The UK’s nightclubs and late bars have lost around 86,000 jobs over the course of the pandemic.
A report published by the Night-Time Industries Association (NTIA) found that there was a 12% increase in headcount across the “night-time cultural economy” between 2010 and 2019 to around 425,000 jobs, but this number has since plummeted because of the impact of lockdowns and social restrictions.
It said that, based on historic trends, the number of jobs in the night-time economy would have increased from 425,000 in 2020 to 465,000 in 2024 – an increase of around 9% – but the outlook is now less optimistic despite the provision of the furlough scheme and other government loans aimed to support job retention.
Michael Kill, CEO of the NTIA, said the night-time economy needed to be at the heart of the UK’s economic recovery.
“After the 2008 economic crisis, it was the hospitality that led the recovery, driving other forms of job creation and economic activity – the night time economy was a big part of that,” he said.
Kill added that it was the “worst possible time” to introduce vaccine passports in Scotland and Wales, as this could “further damage a sector essential to the economic recovery”.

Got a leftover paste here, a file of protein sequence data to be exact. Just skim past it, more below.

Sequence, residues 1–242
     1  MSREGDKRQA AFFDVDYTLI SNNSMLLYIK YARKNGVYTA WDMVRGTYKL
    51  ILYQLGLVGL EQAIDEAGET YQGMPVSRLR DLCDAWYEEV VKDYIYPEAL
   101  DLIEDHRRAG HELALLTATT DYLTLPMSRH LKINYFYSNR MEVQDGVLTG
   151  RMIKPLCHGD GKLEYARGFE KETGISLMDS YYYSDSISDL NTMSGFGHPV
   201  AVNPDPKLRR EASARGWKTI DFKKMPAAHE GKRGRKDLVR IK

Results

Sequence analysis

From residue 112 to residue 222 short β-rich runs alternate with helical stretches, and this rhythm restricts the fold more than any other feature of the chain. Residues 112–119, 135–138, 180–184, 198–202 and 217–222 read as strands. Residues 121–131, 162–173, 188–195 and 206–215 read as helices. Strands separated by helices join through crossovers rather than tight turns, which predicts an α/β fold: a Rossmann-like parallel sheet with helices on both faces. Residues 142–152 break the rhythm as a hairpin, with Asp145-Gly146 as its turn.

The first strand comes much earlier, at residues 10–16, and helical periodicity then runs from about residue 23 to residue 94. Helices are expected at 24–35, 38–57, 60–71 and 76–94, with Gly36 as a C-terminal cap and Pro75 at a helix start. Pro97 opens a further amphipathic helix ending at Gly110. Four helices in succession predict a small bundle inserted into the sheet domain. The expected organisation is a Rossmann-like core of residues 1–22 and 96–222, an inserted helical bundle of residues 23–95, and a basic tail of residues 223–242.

MP Christian Wakeford, the co-chair of the All-Party Parliamentary Group for the Night-Time Economy, said: “As Covid-19 has ravaged the sector, it is important, now more than ever, to recognize the significance of nightlife industries; this report is a timely contribution to the policy debate in this area. As we look to rebuild from the devastation of the pandemic, we must not leave this vital sector behind.”
Meanwhile, the Guardian has reported that one in five night-time and hospitality businesses have had to close or operate reduced hours because of a shortage of security staff, with some estimates suggesting that venues are having to pay security staff as much as 25% more to retain them.
Sacha Lord, the night-time economy adviser for Greater Manchester, said that security staffing was the biggest issue at this year’s Parklife festival, with it being a struggle to hire the 1,000 security staff required.
“We have always taken it for granted that you can send an email to three or four security providers and get our 900-1,000 security staff,” Lord said. “But this year we had to beg, borrow and steal from all over the country.
“We had to bus them in from north Scotland, Devon and all over. Normally it is very localized and they come from Manchester, Leeds, and Liverpool.”